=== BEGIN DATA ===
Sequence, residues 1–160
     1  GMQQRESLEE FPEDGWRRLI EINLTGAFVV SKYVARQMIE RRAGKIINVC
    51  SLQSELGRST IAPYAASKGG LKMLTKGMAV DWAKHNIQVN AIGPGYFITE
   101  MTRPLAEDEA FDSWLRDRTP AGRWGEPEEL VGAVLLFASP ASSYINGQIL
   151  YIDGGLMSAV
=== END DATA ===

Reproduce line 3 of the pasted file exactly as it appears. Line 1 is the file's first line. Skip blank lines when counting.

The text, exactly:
    51  SLQSELGRST IAPYAASKGG LKMLTKGMAV DWAKHNIQVN AIGPGYFITE